Tuesday, July 17, 2012

Evolution, the eye and communication design

Whilst on holiday (this fact is not superfluous, it crops up later!) I finished reading Richard Dawkin's fascinating and insightful book, "The Greatest Show on Earth" which outlined the evidence for evolution.

Dawkins says that the eye is an amazing, if oddly put together piece of kit and he uses this as an argument against an 'intelligent creator'. He points out that the optic nerve gobbles up quite a lot of important retinal real estate and would most likely not be made in such a way by an intelligent designer of an eye. Amazingly, however, we don't perceive this 'hole' nor do we generally see the gap between our eyes as our brains do an amazing job of working out the 'puzzle' in front of us and rendering us pretty seamless vision. I am aware of this more than most as my wife suffers from a condition which has caused her to lose some sight near her macula but, as her consultant tells her, the brain does an amazing job of compensating and under normal circumstances she sees no 'gap', despite the disease's progress.

I was first put on to the amazing visual processing power of the brain after listening to the 2003 Reith lectures called 'The Emerging Mind' given by Vilayanur S. Ramachandran. He details the workings of the mind and notably touches on art: "Are there such things as artistic universals?", he asks.

The lecture is well worth a listen but one point I want to dwell on here which struck a chord with me after my holiday at the coast (aha!) was the story about the seagulls. On holiday I saw plenty of seagulls and I love to hear them 'squaaaaaww'. As they fly past I often point out the red spot under the beak to my children and tell them the following story.

Experiments on seagull chicks by N. Tinbergen at Oxford University showed that this spot is not only a very important signal for the chick to peck at for food, but by abstracting it further researchers found that a chick would peck for food at a red spot painted on two two long sticks!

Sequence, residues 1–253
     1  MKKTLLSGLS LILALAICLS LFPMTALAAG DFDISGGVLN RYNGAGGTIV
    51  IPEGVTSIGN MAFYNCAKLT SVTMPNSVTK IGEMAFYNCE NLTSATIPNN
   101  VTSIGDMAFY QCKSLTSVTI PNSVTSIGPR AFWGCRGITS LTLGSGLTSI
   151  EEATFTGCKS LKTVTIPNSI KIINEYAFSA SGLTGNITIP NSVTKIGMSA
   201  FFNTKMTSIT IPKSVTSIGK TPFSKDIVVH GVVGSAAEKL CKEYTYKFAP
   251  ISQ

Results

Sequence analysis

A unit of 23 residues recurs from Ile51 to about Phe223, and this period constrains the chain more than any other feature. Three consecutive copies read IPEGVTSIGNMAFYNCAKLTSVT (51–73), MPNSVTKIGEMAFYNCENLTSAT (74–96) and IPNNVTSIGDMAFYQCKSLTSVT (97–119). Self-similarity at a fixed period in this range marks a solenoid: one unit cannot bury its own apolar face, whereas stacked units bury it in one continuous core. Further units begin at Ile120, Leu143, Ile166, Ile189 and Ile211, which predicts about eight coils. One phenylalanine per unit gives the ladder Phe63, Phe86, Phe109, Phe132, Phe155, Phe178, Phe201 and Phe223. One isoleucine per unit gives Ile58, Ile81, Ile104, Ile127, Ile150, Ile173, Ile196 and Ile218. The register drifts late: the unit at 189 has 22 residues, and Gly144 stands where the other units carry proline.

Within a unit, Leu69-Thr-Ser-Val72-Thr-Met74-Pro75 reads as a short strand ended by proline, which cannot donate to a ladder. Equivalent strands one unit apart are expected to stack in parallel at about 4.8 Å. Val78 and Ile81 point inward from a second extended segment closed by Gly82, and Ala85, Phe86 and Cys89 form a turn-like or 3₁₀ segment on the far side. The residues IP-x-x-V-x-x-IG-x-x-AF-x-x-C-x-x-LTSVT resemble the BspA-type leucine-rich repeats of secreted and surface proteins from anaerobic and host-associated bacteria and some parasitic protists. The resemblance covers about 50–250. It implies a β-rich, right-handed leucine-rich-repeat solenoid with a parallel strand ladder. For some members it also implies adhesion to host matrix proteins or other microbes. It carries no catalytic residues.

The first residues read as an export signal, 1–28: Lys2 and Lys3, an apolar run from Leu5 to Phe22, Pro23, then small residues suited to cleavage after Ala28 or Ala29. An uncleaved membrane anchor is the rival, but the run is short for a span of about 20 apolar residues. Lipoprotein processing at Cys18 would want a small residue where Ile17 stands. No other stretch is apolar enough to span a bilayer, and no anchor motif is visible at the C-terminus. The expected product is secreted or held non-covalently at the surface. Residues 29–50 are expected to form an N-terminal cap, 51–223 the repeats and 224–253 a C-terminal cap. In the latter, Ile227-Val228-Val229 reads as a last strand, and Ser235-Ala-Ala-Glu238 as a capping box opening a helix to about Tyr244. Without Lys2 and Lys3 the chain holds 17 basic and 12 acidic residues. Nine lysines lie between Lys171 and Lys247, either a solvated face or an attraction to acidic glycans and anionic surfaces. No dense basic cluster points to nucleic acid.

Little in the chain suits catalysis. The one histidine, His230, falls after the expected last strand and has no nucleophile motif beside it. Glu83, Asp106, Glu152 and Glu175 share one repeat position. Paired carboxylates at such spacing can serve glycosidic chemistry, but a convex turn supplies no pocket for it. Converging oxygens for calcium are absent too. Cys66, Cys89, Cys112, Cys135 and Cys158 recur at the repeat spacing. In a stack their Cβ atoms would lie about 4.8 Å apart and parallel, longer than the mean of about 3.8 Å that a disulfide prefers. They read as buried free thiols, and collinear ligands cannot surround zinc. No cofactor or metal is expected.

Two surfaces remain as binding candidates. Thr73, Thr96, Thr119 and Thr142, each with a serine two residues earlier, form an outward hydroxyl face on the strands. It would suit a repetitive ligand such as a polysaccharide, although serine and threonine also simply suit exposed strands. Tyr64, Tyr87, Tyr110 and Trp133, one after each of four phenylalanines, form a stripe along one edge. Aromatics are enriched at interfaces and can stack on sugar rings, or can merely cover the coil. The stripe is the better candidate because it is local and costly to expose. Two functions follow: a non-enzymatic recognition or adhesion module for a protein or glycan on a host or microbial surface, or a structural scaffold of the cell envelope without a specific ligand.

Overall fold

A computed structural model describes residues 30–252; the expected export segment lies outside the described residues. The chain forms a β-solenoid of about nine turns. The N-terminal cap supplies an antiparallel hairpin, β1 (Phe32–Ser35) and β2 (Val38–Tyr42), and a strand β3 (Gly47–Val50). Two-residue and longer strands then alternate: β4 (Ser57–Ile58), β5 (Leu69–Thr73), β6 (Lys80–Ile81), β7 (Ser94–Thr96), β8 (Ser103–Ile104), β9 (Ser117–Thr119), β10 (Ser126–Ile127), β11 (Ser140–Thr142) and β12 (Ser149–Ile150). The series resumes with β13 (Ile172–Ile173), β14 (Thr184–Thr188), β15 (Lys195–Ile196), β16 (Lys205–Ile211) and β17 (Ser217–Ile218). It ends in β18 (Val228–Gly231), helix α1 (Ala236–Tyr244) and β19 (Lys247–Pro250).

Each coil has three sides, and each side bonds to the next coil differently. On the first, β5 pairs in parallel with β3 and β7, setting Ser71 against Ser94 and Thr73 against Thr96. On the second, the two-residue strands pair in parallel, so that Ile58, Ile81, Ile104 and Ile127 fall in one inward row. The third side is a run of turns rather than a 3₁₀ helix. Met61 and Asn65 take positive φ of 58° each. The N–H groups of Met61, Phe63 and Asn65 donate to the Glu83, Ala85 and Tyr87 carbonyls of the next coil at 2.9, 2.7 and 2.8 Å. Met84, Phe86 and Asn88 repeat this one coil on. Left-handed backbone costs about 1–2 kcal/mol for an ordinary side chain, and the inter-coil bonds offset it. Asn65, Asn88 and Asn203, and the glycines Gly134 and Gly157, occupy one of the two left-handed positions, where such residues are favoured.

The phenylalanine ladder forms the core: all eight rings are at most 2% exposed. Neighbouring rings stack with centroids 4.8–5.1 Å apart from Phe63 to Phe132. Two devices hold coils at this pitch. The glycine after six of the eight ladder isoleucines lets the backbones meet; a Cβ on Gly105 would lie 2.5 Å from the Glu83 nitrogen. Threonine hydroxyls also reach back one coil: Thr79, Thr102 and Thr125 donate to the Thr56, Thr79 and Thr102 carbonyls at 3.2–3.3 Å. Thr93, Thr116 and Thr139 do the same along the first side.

Photo (taken on holiday!) by PG.

Furthermore, Tinbergen found out that the higher the contrast of the red spot the more the chick will peck for food and this high contrast is what the chick perceives as 'motherness'. Ramachandran emphasises that this is intellignet rationalisation of the brain processing of a chick: the goal of vision, he points out, is to do as little as is needed to get the job done. Evolution has taught the chick that all it needs to do is peck at the high contrast red spot in order to be fed, because this is 'mother'. It cares not that the mother has a head, wings, feathers or legs because it's saving energy! The red spot will do.

The analogy I see with interface design is clear: we need to use visual clues and the processing power of humans' brains to streamline our interaction design and icon development. Use what is hard-wired within us all to make that interactive process a seamless one for the user so that they are helped along the process by the mother within them. Why use complex invented icons when our innate feelings can show us a simpler way. We don't however need the blatancy of red panic buttons for simpler operations (although occasionally this might help!). We can do better than this with more subtle colour palettes, intelligent photographic choices and visual clues in order to smooth the passage from operation to operation.

So designers: before you use your pencils, use your brains.

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